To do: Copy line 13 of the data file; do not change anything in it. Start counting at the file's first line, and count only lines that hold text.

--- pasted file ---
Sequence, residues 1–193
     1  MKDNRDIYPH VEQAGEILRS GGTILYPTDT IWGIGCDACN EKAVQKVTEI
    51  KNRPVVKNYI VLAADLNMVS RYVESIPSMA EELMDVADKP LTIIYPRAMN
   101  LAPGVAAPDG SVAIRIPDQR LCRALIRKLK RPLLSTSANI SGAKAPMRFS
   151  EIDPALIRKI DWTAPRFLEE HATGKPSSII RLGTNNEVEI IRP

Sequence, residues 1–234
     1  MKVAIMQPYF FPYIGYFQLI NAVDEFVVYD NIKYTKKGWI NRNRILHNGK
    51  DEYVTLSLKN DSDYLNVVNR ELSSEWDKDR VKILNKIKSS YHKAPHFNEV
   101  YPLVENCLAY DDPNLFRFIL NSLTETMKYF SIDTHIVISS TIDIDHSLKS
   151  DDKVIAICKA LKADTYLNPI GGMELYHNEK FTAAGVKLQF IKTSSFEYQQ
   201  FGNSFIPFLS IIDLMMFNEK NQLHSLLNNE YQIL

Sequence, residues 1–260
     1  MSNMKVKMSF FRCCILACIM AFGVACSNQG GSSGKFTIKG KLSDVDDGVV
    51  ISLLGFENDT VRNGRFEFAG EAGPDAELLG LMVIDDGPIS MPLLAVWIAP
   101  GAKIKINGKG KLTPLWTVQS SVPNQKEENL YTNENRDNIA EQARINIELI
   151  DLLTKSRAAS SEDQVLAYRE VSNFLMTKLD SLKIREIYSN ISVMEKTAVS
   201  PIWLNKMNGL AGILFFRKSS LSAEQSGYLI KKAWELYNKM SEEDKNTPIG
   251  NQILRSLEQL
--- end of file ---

     1  MSNMKVKMSF FRCCILACIM AFGVACSNQG GSSGKFTIKG KLSDVDDGVV